Take my love/take my land/take me where I cannot stand….

January 19, 2011


In September 2002 Joss Whedon, of Buffy The Vampire Slayer and Angel fame brought us a new TV series best described as the wild west in space. Eleven out of order, frequently pre-empted episodes later it became the latest casualty to the engine of evil, fueled by the broken dreams of hopeful geeks that is the Fox network.

But all was not lost! Those eleven little stories spawned a worldwide phenomenon of fandom. Conventions, fandom organizations, fan fiction (including way too much slashfic for this writers taste.) a movie and, for the purposes of this article a very well done little RPG.

Now, before I go into the review I’m going to do one of my little disclaimers. I am a Browncoat. That is to say I am part of that subset of science fiction fandom that curses the Alliance and those bastards at Fox equally.  Remember when I said you’d see this material again? https://mechgogogames.wordpress.com/ .Wasn’t lying was I?  I know what “I’ll be in my bunk” is a euphemism for and firmly believe that all the best starship pilots wear Hawaiian shirts and play with little plastic dinosaurs. I am a nerd on the wind. Watch how I geek.

That being said, the Serenity Role Playing Game is not just for people who know who Vera is. If you like good science fiction, good game mechanics and some decent product support then you are someone for whom the game is intended. Of course, fans of the show and movie are going to get an extra kick out of it but that’s really no different than, say, a guy with Chewbacca’s autograph tattooed somewhere getting a little extra thrill out of a well made Star Wars RPG.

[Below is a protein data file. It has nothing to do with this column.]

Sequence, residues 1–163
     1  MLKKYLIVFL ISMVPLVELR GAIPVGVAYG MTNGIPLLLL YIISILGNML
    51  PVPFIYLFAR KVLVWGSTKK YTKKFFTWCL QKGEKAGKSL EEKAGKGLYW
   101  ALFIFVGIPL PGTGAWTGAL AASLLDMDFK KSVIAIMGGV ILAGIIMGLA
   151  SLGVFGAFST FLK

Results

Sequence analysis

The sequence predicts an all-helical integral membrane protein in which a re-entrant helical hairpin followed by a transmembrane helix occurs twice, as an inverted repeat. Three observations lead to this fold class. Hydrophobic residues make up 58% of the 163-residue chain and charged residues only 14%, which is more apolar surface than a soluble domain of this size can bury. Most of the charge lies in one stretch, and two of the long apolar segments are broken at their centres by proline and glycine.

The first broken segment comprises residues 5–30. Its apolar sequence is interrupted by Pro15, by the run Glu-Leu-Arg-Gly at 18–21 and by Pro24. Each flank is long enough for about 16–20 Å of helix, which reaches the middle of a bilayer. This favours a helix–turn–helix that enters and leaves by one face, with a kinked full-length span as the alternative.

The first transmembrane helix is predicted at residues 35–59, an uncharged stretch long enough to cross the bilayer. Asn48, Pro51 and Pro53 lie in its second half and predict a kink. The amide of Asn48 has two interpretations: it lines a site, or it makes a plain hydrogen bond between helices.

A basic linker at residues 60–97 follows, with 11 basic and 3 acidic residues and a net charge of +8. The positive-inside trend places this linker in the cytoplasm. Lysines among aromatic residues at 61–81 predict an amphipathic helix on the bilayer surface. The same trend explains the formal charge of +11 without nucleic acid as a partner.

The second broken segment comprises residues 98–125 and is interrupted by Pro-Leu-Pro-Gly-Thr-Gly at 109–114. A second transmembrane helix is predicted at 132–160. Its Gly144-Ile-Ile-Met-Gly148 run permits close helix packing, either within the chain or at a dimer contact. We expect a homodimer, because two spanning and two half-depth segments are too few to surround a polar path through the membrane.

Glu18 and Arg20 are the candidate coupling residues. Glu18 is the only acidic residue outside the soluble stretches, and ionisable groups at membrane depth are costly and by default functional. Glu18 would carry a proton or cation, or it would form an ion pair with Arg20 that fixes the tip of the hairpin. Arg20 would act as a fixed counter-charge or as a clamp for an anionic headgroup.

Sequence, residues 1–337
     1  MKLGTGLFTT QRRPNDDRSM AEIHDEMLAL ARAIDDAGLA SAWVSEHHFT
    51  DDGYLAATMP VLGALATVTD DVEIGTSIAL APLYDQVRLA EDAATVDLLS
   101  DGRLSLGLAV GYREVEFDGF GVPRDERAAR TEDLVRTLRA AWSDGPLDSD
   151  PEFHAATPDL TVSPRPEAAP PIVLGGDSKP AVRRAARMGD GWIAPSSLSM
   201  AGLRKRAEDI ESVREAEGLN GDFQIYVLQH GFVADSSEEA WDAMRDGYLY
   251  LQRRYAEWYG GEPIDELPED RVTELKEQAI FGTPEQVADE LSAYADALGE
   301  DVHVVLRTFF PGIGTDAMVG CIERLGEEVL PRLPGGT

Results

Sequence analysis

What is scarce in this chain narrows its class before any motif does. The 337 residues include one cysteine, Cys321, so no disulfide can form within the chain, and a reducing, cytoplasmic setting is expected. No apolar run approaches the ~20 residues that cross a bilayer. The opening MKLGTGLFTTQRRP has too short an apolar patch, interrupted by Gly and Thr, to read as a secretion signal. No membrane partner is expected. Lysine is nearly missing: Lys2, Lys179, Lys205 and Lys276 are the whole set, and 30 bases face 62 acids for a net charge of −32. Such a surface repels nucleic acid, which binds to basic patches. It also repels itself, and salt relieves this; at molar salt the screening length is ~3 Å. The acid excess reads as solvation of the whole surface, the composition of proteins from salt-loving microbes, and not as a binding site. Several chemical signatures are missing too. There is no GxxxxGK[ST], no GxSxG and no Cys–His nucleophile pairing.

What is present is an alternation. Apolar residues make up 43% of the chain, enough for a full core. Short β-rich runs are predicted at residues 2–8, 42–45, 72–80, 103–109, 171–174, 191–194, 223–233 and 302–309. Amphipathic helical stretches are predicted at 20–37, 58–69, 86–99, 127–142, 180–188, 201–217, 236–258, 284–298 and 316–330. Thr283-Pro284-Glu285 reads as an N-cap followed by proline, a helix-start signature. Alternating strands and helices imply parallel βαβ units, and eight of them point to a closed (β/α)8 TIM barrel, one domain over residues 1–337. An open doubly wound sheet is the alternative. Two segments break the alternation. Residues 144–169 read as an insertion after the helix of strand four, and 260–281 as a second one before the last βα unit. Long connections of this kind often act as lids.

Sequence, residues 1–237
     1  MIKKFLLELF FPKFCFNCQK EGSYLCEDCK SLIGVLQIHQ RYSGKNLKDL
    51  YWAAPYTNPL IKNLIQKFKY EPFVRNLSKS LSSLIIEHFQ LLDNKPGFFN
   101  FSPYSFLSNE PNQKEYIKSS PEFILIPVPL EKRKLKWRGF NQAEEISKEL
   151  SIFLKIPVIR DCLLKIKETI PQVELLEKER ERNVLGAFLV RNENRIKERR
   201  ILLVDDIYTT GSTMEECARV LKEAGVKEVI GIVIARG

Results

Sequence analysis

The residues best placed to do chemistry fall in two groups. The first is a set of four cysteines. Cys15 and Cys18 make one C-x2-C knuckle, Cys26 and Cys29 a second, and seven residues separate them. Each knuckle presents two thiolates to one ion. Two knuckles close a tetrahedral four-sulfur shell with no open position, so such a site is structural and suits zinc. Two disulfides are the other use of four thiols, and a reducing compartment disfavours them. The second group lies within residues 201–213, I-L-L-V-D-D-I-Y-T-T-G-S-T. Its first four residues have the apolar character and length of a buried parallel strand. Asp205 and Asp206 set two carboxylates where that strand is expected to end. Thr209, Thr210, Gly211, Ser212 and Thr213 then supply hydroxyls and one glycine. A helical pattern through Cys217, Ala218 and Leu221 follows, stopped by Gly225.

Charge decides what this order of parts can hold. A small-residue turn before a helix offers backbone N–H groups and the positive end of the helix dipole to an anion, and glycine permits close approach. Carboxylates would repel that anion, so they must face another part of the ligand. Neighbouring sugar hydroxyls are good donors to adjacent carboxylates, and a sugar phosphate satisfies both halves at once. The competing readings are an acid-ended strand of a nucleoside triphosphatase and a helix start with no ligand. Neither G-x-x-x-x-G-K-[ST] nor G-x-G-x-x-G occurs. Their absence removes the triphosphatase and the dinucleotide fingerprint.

One thing. Don’t come to this game looking for encounters with alien life forms. About the closest you’re going to come is dealing with the Reavers. There are no aliens in the Firefly verse! Though some have argued that Serenity pilot extraordinaire Hoban Washburne is a giant Fraggle. Can’t really dispute that given the photographic evidence above.  But there’s no alien space babes looking to learn more about this strange custom called ‘kissing’ or bug-eyed monsters looking to slurp your brains out through your nostrils. Well, maybe Jayne on a hangover but…

The basic premise of the Firefly universe (henceforth refered to as the ‘verse) is that Earth was used up. Humanity took to the stars because our home could no longer support us. We found a solar system with dozens of planets and hundreds of moons, many of which were capable of sustaining life. The ones that weren’t, we terraformed.